I always take special interest in short films about the experience of US Veterans—it’s a personal topic for me as one of my best friends lost his legs in Afghanistan back in 2010 while serving in the Marines. There are several shorts concerning the overarching subject that I’d recommend (off the top of my head, Cradle, Cole, The Next Part), and, now, I humbly include director Quinn Else’s film, Fort Irwin, into this hyper specific canon.
Although I’m somewhat familiar with “veteran stories” as depicted on screen, admittedly, the actual “event” that Fort Irwin depicts was completely foreign to me. In fact, upon first watching the film, I immediately had to google it…this can’t be “real”, right? Do wounded veterans really partake in immersive and traumatic training exercises in order to help prepare their fellow soldiers while also dealing directly with their own demons? Heck, do “productions” like this even exist? Further proof to the old adage that truth is often stranger than fiction…
From a macro level, Fort Irwin is fascinating simply for presenting this training exercise in a cinematic way: the uncanny act of “faking war,” aiming for verisimilitude despite the clear theatricality of what’s happening. It’s just inherently weird to have people shooting the breeze at craft services before donning bloodied fatigues and squirting participants with fake blood. It’s life as a surreal dream, and for our protagonist specifically, a sort of living-nightmare.
But, the strangeness of the training exercise itself can only carry the film so far. Else’s film succeeds because he is able to convey our protagonist’s emotional state in a heart-wrenching way. The build-up is intentionally slow—as viewers we are given subtle clues of what’s happening and why. There is no exposition dump…no scene where an instructor comes out and catches the audience up. It’s a deft balancing act, as the film is always one step ahead, but never so far beyond that we lose interest in the narrative.
Then, the exercise hits. It’s as tense as you’d expect—whirring bullets and slo-mo explosions, blood and guts. Yet, even if the fictional battle holds no external consequences—even if the blood is fake—we know that there is a very real war going in the main character’s mind, as he confronts what seems like a living reenactment of the day that forever changed his life.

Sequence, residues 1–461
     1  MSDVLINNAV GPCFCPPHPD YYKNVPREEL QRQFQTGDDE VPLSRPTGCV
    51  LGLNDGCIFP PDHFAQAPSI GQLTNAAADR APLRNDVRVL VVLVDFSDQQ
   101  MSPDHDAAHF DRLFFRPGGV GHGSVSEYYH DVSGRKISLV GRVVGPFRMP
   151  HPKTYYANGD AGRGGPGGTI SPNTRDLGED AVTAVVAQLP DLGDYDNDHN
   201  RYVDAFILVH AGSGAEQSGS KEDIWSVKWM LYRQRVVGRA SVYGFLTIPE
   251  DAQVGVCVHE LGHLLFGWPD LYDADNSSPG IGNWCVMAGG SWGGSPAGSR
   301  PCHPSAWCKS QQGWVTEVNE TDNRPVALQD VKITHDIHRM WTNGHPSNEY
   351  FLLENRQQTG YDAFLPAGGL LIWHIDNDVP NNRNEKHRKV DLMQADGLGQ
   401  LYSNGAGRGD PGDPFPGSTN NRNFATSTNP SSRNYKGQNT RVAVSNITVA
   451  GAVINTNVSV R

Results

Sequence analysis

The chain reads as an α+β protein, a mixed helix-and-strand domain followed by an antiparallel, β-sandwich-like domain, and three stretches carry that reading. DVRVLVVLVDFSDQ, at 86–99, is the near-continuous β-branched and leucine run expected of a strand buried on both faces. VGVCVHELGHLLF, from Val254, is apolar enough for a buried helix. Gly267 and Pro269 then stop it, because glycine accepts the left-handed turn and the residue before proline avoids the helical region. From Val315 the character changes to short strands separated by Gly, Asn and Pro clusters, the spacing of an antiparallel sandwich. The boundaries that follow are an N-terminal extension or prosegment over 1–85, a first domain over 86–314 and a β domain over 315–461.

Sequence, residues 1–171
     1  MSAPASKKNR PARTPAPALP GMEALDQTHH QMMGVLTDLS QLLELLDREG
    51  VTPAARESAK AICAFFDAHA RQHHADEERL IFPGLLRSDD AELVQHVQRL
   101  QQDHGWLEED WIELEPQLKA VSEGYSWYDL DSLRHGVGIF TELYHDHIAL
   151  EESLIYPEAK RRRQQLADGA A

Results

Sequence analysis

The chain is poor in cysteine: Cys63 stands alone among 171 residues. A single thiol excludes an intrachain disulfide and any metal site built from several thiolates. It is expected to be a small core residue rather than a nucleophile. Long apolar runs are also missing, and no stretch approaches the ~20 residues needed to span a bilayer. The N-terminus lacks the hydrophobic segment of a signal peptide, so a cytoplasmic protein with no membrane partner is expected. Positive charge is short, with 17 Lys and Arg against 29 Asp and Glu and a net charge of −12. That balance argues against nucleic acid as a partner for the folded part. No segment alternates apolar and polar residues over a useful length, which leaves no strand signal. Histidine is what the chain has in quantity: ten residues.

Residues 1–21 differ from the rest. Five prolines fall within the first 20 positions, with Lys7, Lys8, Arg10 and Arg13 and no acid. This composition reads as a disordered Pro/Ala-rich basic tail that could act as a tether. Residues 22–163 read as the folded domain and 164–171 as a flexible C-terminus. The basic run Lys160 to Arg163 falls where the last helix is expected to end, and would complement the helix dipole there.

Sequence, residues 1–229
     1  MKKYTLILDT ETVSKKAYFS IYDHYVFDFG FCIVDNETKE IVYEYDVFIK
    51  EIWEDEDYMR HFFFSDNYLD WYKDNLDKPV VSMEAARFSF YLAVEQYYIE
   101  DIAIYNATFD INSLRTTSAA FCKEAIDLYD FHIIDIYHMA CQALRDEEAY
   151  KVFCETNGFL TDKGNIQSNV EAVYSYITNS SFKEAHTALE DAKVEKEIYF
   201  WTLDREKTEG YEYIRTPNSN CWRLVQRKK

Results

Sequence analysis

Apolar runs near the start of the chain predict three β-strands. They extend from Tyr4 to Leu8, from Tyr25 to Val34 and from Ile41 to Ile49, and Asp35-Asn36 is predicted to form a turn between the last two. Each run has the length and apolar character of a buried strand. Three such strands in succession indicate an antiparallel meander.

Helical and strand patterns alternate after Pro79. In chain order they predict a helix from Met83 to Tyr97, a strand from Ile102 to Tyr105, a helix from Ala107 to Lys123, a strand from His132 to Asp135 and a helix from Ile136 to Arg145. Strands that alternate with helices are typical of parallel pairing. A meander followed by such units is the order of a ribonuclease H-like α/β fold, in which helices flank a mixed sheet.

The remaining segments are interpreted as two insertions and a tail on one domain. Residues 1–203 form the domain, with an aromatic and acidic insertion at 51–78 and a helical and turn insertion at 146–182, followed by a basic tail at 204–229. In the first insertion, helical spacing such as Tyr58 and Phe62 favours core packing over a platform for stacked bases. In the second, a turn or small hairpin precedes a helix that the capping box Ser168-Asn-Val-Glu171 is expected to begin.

Thankfully, Else does all this without ever leaning on sentimentality. It’s a remarkably stoic film, carried by a subtle and assured performance from the lead actor (Christian Valle, a real-life Veteran amputee). There’s a lot conveyed here without literally saying anything, an internalized depiction of how the trauma of PTSD doesn’t always manifest itself in obvious ways.
As Else relates:
“In movies, sufferers of PTSD are often shown as violent, unstable and aggressive people who break dinner plates and punch holes in walls. But many real people described their PTSD as a nagging and debilitating sense of fear rather than a trigger for violence. Our lead actor Cristian Valle has a stoic personality. I felt his understated performance of PTSD was more interesting and truthful than a violent one.”
By following a real victim of conflict (both in the “reality” of the film and IRL) into this simulation, Fort Irwin actively forces us as viewers to confront the psychological impact of war, rather than war as purely cinematic, popcorn munching entertainment.
We’re better because of it.